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From Tibet, Art of Enlightenment

By KEN JOHNSON, New York Times, October 12, 2007

New York, USA -- What is art for? What should it be for? What can it be for? Ask today’s art world these questions, and you’ll get a discordant babel of answers. So it is useful to check in on times and places that were not so conflicted. Consider, for example, the art of Bon, the centuries-old indigenous religion of Tibet, presented in a beautiful exhibition at the Rubin Museum of Art. The purpose of Bon art was, unequivocally, to help achieve spiritual enlightenment.

<< A work on cloth from 18th- or 19th-century Tibet shows the use of peaceful and wrathful deities.

The exhibition’s easel-size paintings and few small sculptures of metal and wood, made by anonymous artisans from the 12th to the early 20th century, depict a bewildering array of deities, demons, sages, holy places and mythic narratives similar to those of Hindu and Buddhist art. (As Buddhism took hold in Tibet, it cross-pollinated with Bon.) The Western nonspecialist can learn some of the basic history and vocabulary of Bon art from wall labels. But it’s exhausting to try to sort out and retain the seemingly innumerable names and stories; it’s easier to fall back on Western viewing habits, to see Bon paintings in terms of form, craft and fanciful imagery.

It’s easy too because the paintings are so visually enthralling. Made with fine brushes and colored pigments on unstretched rectangles of fabric, Bon paintings typically are rigidly symmetrical, grid-based compositions with large central figures surrounded by dozens and in some cases hundreds of smaller ones.

Serene, Buddha-type figures seated on lotus-flower thrones preside over many paintings. Others portray so-called wrathful deities: muscular, blue-skinned monsters with multiple heads, arms and eyes who stomp on small humans and demons while grasping to their chests half-naked female consorts who appear to be in states of sexual ecstasy. (Though they are scary to behold, wrathful deities are not evil; their ferocity is directed at enemies of Bon.)

Drawing in for close study, you discover details rendered with eye-straining miniaturism: jewelry, plants, animals and domestic objects as well as intricate decorative patterns. The Bon art in this show displays little of the realism of Persian and Indian miniatures, but it is similar in its drive to activate every square centimeter of the picture.

One set of paintings from the 18th or 19th centuries is unusually marked by nonsymmetrical, nonhierarchical compositions. Painted with an exacting yet soft touch, they depict scenes from the life of Bon’s founder, Tonpa Shenrab, set in verdant pastoral landscapes punctuated by orange and red buildings. The tapestrylike pictures have a sweetly personal poetry unlike the more anonymously stylized look of the exhibition’s other works.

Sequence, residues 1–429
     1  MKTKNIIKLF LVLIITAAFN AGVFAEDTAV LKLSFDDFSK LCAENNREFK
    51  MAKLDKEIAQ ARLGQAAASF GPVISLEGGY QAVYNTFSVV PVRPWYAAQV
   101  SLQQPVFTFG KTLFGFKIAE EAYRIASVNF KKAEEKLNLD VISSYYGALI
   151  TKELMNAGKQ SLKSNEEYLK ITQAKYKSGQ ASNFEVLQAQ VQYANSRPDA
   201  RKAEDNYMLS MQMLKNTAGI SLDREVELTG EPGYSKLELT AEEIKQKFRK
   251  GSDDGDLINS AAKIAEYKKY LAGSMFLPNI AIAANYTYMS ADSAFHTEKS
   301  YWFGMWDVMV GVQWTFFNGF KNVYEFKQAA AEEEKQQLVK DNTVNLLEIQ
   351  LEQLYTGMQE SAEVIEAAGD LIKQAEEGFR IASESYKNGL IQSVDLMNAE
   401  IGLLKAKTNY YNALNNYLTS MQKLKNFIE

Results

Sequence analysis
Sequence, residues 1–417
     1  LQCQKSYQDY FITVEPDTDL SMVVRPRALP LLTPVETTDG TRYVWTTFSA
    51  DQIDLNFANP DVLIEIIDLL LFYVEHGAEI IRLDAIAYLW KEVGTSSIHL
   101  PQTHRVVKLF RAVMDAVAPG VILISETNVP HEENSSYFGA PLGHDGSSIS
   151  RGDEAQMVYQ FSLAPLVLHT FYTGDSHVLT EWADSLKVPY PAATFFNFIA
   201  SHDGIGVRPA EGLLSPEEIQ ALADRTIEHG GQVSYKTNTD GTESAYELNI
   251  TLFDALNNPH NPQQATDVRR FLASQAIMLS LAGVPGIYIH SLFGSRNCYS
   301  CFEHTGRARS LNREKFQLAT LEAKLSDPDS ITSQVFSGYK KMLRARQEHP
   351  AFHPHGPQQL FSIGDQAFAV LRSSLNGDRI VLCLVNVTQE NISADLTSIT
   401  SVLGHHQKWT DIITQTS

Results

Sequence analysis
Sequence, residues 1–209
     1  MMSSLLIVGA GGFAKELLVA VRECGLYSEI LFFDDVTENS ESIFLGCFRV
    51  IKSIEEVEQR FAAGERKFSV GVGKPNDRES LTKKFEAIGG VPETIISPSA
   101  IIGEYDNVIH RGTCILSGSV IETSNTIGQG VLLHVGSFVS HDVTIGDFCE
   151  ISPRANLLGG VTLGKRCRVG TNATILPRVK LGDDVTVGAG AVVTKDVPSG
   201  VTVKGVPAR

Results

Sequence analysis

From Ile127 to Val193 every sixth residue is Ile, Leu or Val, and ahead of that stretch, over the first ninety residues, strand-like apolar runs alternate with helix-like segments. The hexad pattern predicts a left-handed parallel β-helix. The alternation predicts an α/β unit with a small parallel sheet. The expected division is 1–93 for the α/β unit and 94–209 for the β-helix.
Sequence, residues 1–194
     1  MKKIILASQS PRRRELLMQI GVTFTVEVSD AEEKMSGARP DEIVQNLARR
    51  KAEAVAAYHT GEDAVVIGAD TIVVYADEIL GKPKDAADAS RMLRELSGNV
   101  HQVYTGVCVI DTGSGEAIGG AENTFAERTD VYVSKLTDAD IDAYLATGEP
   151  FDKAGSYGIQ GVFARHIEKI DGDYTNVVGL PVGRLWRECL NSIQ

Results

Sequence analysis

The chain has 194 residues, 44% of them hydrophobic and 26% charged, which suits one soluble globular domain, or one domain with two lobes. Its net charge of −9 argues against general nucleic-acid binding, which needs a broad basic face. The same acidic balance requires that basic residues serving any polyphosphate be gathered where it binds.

Even if you know little about Bon art and religion it will be obvious that Bon paintings are not just for entertainment or aesthetic delectation. What may be less clear is that they are based on an elaborate system of meditative practices intended to lead to psychic liberation from the continual pains, pleasures, desires and frustrations of human existence.

The program entails submission to an enlightened teacher and active effort on the part of the student through reciting prayers and visualizing during meditation. Unlike certain forms of Christianity that say that if you simply surrender to Jesus you will be saved, Bon requires rigorous training; it’s a workout regimen for the soul.

“Opening the Door to Bon” by Nyima Dakpa, a paperback available in the Rubin’s gift shop, gives basic instructions, like visualizing Shen Lha Okar, the Buddha of Compassion, on a lotus throne with sun and moon cushions:

“On Shen Lha Okar’s right side are flames of fire and gusts of wind. The retinue of peaceful and wrathful deities stands in these gusts and flames. They wear ornaments made of bone. Each deity holds weapons. They stand in wrathful postures. Above and behind these deities are the 1,002 enlightened ones, dressed in monks’ robes. They are all perfected with the 32 major signs of the enlightened ones and 81 exemplary signs. They all sit cross-legged in the meditation position. They emanate limitless lights and rays and are surrounded by rainbows.”

Sounds a lot like a description of a Bon painting, doesn’t it?

Meditative visualization entails more than just fantastic imagery. Mr. Dakpa’s guide also directs the seeker to meditate on the meaning of the signs and symbols that he visualizes as well as on the feelings that they arouse, which should eventually include magnanimity toward all living creatures and toward all of existence.

It may be hard to imagine anything like Bon art flourishing in a skeptical modern world ruled by consumerism and narcissism, but it is good to have it as an inspirational model of what art can be and do.

“Bon: The Magic Word” continues through Jan. 14 at the Rubin Museum of Art, 150 West 17th Street, Chelsea; (212) 620-5000, rmanyc.org.



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